“Even though we have written policies for pre-authorisation of purchases, we all know people skirt those left and right,” says the CEO. Turning to the CFO and CPO, he asks: “What do you think that’s actually costing us?”
The CFO answers immediately: “It’s hard to know the exact amount, but we can easily do a quick estimate.” Thinking out loud…
- $100m is our rough annual non-payroll spend
- $75m (75% of $100m) of that is ‘discretionary’, meaning above and beyond things like utilities and so forth
- $7.5m (10% of $75m) of that amount could surely be avoided if managers always had the opportunity to approve or not based on how necessary the purchase really is, whether or not that item is already available somewhere in the company, their current standing against budget, etc.
“That’s $7.5 million a year that could be saved,” she states with a frown on her face.
“But that’s just part of the story,” picks up the CPO. “Much of that money is spent with suppliers with whom we do not have price agreements. So the discounts we’ve negotiated are completely wasted. I can take a swag at what that amounts to…”
- $75m in addressable spend (“just using Mary’s number, but I’m sure it’s close”)
- $15m (a good 20%) of that is unnecessarily spent ‘off-contract’, meaning spent with sources other than ones where we have supplier agreements in place for the type of item purchased
- $9m more (12%) is my conservative estimate of how much addressable spend we could negotiate spot agreements on if certain types of requests were routed to us to get competitive bids
“Making a quick mental calculation, that’s $24m which is unnecessarily spent ‘off-contract’ and addressable spend we could negotiate spot agreements on. 17% of that equates to over $3.5 million in savings.”
“So let’s see…” The CEO adds it up:
- Over $7 million per year savings by avoiding unnecessary purchases, plus
- Over $3 million per year savings from increased buying against negotiated supplier agreements
“… that equals over $11 million a year in total savings.”
“We could add over $11 million straight to our bottom-line – we’d need to increase sales by $55 – 75 million to get that same impact.” says the CEO quietly. He then adds with a little grin: “But clearly we can get those savings by just gaining better control of how we go about buying things. I think this is well worth pursuing.”
Needless to say, the team proceeds to ask around about why so much is being purchased ‘outside the system’. What they find is a little startling, but in retrospect, pretty predictable:
- “The requisition process just takes too long – the business moves much faster than the paper. Even with email, managers are often out so requests just sit.”
- “I don’t even know what the proper procedure is…”
- “If I actually waited to get official approval before I took action, I’d probably lose my job.”
- “Who knows what suppliers we have discounts with – I can’t keep up with memos and emails saying I should buy from this supplier or that. Those emails never show up exactly the day I need to buy something.”
- “Requests come at me willy-nilly – it’s very hard to focus on making a good decision sometimes.”
- “I can’t get a handle on my current budget position because I don’t know what purchases have been made. We are frequently over-budget.”
- “People tell me all the time that they’ve found a better deal than what the procurement people have – I just don’t know and don’t have time to run that down. I just say OK when I think that person is at least trying to be cost-conscious.”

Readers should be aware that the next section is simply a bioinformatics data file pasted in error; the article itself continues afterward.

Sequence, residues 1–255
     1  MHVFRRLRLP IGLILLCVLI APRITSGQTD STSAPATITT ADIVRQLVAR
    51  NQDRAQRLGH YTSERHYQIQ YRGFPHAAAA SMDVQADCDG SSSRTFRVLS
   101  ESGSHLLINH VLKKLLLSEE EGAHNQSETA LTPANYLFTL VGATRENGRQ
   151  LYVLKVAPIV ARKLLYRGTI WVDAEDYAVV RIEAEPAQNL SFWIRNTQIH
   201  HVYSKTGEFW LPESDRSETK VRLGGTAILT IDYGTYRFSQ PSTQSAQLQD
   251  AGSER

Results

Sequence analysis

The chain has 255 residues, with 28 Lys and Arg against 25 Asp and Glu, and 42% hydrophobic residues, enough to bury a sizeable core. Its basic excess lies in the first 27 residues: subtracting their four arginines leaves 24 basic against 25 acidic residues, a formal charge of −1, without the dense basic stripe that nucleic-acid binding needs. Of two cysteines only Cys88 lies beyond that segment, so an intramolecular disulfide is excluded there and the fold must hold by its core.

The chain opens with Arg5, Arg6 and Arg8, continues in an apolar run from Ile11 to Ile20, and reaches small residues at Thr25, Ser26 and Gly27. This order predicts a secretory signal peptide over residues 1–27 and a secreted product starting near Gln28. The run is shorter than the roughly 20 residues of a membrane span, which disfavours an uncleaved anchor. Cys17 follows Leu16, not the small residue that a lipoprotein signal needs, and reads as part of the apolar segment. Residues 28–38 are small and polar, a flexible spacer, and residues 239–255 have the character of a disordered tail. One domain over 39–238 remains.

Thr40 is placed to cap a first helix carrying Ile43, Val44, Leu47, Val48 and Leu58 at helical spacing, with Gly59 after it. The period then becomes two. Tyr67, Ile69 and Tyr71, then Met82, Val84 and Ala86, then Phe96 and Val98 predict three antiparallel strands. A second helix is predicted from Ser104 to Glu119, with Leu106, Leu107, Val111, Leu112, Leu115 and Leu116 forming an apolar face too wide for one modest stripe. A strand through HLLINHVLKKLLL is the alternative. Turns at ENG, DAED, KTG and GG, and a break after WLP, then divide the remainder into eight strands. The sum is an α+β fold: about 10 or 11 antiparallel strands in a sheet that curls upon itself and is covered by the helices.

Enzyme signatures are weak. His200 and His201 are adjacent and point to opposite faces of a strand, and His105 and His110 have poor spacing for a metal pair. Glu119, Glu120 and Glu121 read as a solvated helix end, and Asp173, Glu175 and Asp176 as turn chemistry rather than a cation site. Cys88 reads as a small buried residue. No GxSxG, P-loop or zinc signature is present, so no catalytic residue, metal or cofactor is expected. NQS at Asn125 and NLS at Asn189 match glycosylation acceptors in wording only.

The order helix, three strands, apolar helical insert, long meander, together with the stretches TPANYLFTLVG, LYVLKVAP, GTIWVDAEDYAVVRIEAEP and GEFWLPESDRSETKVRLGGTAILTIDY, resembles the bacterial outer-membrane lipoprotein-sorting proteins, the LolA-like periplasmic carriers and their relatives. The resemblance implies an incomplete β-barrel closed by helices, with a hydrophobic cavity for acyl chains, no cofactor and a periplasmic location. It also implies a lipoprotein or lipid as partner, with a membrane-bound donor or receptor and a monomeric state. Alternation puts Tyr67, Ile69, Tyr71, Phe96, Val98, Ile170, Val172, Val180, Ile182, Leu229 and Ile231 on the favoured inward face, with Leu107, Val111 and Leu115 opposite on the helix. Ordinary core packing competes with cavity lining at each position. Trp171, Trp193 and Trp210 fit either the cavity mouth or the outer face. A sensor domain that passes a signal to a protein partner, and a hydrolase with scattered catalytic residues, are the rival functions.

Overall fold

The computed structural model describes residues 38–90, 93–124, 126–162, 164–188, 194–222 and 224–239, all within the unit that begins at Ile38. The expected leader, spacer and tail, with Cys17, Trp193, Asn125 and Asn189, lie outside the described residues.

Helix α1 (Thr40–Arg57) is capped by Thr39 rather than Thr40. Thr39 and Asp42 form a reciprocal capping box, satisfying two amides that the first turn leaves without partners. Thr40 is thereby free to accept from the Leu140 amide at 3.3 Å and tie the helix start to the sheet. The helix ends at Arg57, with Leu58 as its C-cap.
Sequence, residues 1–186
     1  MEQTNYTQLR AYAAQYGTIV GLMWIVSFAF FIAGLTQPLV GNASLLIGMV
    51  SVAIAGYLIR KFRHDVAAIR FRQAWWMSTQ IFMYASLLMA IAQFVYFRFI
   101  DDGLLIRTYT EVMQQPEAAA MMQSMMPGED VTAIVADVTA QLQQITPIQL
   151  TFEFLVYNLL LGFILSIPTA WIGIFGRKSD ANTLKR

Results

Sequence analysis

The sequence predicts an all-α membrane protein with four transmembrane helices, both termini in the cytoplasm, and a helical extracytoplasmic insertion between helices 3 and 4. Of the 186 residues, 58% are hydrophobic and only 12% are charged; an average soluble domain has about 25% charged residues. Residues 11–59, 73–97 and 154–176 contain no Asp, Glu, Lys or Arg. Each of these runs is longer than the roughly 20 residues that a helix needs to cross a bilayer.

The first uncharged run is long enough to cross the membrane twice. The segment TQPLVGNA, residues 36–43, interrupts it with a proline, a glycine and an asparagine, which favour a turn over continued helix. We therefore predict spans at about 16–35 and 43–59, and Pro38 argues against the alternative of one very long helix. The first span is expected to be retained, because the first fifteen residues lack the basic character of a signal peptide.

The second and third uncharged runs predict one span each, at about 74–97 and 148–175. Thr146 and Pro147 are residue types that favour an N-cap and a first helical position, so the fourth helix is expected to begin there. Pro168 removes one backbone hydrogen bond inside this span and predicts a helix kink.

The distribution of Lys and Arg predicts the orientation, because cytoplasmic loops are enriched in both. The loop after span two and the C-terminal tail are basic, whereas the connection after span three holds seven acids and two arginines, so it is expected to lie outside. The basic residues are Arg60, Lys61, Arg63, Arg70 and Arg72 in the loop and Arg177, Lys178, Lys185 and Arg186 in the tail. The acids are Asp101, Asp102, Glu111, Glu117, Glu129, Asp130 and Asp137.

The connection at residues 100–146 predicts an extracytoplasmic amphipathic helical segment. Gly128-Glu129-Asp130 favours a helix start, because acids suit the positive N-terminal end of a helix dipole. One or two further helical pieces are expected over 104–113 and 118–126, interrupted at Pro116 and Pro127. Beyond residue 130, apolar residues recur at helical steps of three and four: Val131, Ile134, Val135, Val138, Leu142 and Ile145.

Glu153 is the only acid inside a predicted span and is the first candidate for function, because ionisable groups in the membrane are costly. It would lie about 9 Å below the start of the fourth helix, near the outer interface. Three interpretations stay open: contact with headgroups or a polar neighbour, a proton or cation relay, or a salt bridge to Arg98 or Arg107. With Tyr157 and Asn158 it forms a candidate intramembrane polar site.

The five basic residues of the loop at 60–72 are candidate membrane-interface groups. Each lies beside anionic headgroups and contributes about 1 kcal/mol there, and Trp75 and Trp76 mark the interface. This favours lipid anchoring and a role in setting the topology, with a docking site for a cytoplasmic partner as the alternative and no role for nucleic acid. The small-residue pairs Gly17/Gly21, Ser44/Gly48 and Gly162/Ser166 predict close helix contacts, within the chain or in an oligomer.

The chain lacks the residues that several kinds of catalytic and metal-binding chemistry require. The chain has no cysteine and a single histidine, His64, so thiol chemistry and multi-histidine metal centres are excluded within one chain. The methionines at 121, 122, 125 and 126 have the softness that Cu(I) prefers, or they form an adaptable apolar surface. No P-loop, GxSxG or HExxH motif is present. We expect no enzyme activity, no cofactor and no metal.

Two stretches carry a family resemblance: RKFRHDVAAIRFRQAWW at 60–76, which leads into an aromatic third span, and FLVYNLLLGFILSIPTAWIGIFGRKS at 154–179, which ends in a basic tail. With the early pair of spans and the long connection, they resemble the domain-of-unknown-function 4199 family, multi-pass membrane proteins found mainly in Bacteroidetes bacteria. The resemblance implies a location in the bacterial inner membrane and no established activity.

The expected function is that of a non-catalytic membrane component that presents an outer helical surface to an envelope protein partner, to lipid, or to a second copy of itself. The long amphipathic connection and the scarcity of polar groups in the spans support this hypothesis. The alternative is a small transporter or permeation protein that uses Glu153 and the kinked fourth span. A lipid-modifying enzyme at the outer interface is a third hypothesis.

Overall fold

“This seems like a problem we can actually do something about,” says the CEO when the executive team re-convenes. “Let’s outline what we would need to do to get 90+% of purchases going through the right process.” As usual, it’s Mary who takes the marker and stands to record the team’s thoughts on a flip chart:
- Remove paper from the equation – make the entire process electronic (standardise the way all purchases are made, eliminate communication lag time and capture a history of all activity)
- Build authorisation policies and the approval hierarchy into the system so people don’t need to know the details – the right process is always followed by default
- Save everybody time by automatically approving purchases that are obviously ok based on specific criteria such as value, supplier, requestor, etc.
- Give managers full visibility of previous and in-process expenditures vs. budget in order to make better decisions; give them control over when they focus on purchase requests (e.g. end of each day); automatically route requests to the right stand-in when a manager is out
- Make supplier agreements very visible to people at the time of purchase – make them impossible to miss
- Give people the ability to shop and compare multiple sources from “within” the system; automatically route appropriate requests to procurement for competitive bid assistance
- Make the system extremely easy to use; accessible anywhere (office, home, or on the road); and always available so it becomes the fastest, easiest way for everyone to get what they need
“You know…” say the CFO and CPO almost simultaneously, “In addition to saving the $11 million we already identified, if we put that type of system in place, we have the framework to do lot of other good things as well.” Mary then lists on the board with everyone’s input:
- Reduce the real cost of each PO by taking less of everyone’s time
- Automate the invoice matching process in AP
- Perform more thorough spend analysis
- Gain better visibility of the overall ‘cost pipeline’
- And more!
So… the CFO and CPO agree to jointly lead an effort to put such a situation in place as soon as possible. The team leaves the CEO’s office happy for once, knowing this was something they could do in a matter of months that would have a noticeable impact on the bottom line.
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